By Walker Wooding
“Pray that the storms, weather-related and the storms of life, will pass us by, or that we will have the ability to deal with storms that come our way.”
That’s the way Father Jim McClintock, pastor at St. Mary Parish in Fannett, is preparing parishioners and himself for the new hurricane season following Harvey last year. Father McClintock’s parish was one of the hardest hit by flooding.
Father McClintock was resting in the rectory, optimistic that the storm would pass through. When he awoke the morning of Aug. 29, his feet splashed water as they hit the floor. A parishioner checking on him led to his rescue and offered refuge.
Harvey’s more than 50 inches of record-breaking rainfall and its catastrophic flooding took homes and belongings away from thousands. Looking back at the storm, Southeast Texans are making preparations for the 2018 hurricane season.
Vivian Sneed, a parishioner at Sacred Heart Parish in Port Arthur, will have an evacuation plan, pay closer attention to the weather and listen to advice of her children. They pleaded with her to evacuate. Instead, she stayed behind.
A helicopter picked her up after floodwaters forced her to leave her home.
Jay White’s plans include having a mover on speed dial, having a place to stay and storage for belongings and flood insurance. White is a parishioner at St. Jude Thaddeus in Beaumont.
Though White’s family worked to pack items, they were unable to get many of their belongings out of the home because of the quickly rising water.
Carol Fernandez, president and CEO of Catholic Charities of Southeast Texas, purchased flood insurance and has her “go boxes” ready for important documents, mementos and emergency supplies.
In the meantime, her agency is hiring 24 disaster case managers to help families with their Harvey recovery.
“The most active role for Catholic Charities agencies is in long-term recovery,” Fernandez said. “So our work for the Harvey disaster is truly gearing up now and will continue for the next 24 months.”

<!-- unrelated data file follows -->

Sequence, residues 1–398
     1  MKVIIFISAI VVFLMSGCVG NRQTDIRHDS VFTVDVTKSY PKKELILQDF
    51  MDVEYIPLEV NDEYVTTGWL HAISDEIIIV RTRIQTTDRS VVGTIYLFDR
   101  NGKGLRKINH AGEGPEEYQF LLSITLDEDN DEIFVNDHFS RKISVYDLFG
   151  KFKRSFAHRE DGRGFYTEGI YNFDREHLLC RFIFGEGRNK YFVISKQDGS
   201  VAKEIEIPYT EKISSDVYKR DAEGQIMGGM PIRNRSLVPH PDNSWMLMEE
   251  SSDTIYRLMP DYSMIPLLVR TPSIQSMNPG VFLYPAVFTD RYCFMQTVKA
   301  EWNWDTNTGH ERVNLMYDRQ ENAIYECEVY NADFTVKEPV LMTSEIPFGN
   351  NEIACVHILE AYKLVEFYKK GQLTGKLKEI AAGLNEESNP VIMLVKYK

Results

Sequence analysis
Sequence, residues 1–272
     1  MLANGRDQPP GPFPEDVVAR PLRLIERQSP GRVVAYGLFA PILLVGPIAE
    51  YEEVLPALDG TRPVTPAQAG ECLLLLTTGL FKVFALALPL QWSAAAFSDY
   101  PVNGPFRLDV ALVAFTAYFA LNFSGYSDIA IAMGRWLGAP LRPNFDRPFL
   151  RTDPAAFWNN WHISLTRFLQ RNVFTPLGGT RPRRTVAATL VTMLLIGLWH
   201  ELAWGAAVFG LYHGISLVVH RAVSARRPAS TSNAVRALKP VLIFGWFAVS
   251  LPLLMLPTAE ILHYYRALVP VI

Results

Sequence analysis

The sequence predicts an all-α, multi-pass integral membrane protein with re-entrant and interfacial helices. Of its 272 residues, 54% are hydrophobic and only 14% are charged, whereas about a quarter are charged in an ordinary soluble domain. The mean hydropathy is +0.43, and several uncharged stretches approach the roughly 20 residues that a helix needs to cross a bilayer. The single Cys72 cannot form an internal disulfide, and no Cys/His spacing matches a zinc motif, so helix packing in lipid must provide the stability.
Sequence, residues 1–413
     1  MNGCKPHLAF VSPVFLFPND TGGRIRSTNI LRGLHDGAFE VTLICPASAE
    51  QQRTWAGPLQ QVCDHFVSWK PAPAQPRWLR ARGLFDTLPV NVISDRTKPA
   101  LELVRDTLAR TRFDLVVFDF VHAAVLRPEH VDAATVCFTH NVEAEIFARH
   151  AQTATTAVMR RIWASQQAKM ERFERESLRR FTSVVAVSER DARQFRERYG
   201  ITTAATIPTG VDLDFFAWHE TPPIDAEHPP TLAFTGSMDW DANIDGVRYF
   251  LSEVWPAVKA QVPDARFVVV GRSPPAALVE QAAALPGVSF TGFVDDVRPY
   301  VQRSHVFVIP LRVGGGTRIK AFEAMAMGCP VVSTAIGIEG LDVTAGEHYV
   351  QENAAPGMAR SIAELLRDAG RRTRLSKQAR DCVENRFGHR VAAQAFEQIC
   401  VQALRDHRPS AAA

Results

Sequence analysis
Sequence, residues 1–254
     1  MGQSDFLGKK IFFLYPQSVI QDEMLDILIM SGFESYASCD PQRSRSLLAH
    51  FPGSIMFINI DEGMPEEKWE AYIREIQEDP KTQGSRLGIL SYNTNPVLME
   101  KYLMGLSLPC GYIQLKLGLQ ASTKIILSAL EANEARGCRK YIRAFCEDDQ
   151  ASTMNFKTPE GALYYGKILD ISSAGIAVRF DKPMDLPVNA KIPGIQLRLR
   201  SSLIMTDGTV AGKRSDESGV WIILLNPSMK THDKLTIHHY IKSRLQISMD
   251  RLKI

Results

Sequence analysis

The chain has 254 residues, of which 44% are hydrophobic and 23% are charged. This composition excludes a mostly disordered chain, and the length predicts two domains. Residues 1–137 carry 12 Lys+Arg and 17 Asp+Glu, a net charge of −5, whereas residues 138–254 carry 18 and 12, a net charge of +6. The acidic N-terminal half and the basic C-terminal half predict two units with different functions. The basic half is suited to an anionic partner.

Father McClintock, Sneed, Fernandez and White have leaned on faith and prayer to help them through Harvey and its aftermath and ready themselves for future storms.
“Pray that the Lord will use us to be His hands of help to our family, neighbors, or whomever we encounter,” Father McClintock said. “Next, appreciate those that the Lord sends to help and then be an answer to someone else’s prayers.”
After staying with the parishioners, Father McClintock moved in with Father Stephen McCrate, pastor at St. Louis Parish in Winnie.
“The fraternity of the priesthood continues,” Father McClintock said, eyeing a return back to the rectory at St. Mary in July.
As for the church building at St Mary, there’s still a long way to go in completing repairs, he said. And he’s grateful for all that people have done to help with repairs, including the Knights of Columbus and people from all over the United States.
Prayer was the lifeline that Sneed depended on after putting on a lifejacket to leave the rising water in her home. With floodwater seeping into her truck, she drove to a parking lot on higher ground. She parked the truck and waited.
“Lord,” Sneed recalled praying, “I know you’re going to see me through this.”
A helicopter landed a block from her location. She waded through chest-high water to reach it. The aircraft lifted off.
That flight began what became a 10-month odyssey to get back into her home. She has stayed in shelters, hotels and homes of friends and family.
“You have to do what you have to do in times like these,” Sneed said.
Sneed didn’t have flood insurance to help her rebuild. She’s looking to hire someone to complete the sheetrock work that has yet to be finished. Sneed aims to complete the rest of the work gradually.
“I want to get my house repaired enough so I can move in and go on with my life,” she said.
While Sneed works on moving back into her home, White and her husband, Dennis, moved back into theirs in April. They stayed at dorm-style apartments at Lamar University while their house was being repaired.
Her family lost 95 percent of what they left behind in their home.
“It was awful,” White said. “Everything was broken. The wall of debris was almost as high as the six-foot fence that surrounded the house.”
But the house was insured. It was a lesson learned from a flooding experience in 1994 when the house wasn’t insured.
“People say that insurance is too high,” White said. “When you’re looking at $100,000 in repairs, hundreds of dollars per year in insurance is not too high.”
White prays the hurricane prayer every day, referring to the “Prayer for Safety in Hurricane Season” written by Bishop Maurice Schexnayder in 1957.
“The way I look at it,” she said while watering her lawn with a garden hose because of the recent lack of rain, “I don’t get afraid when it rains. I can’t live that way. I have to go on faith.”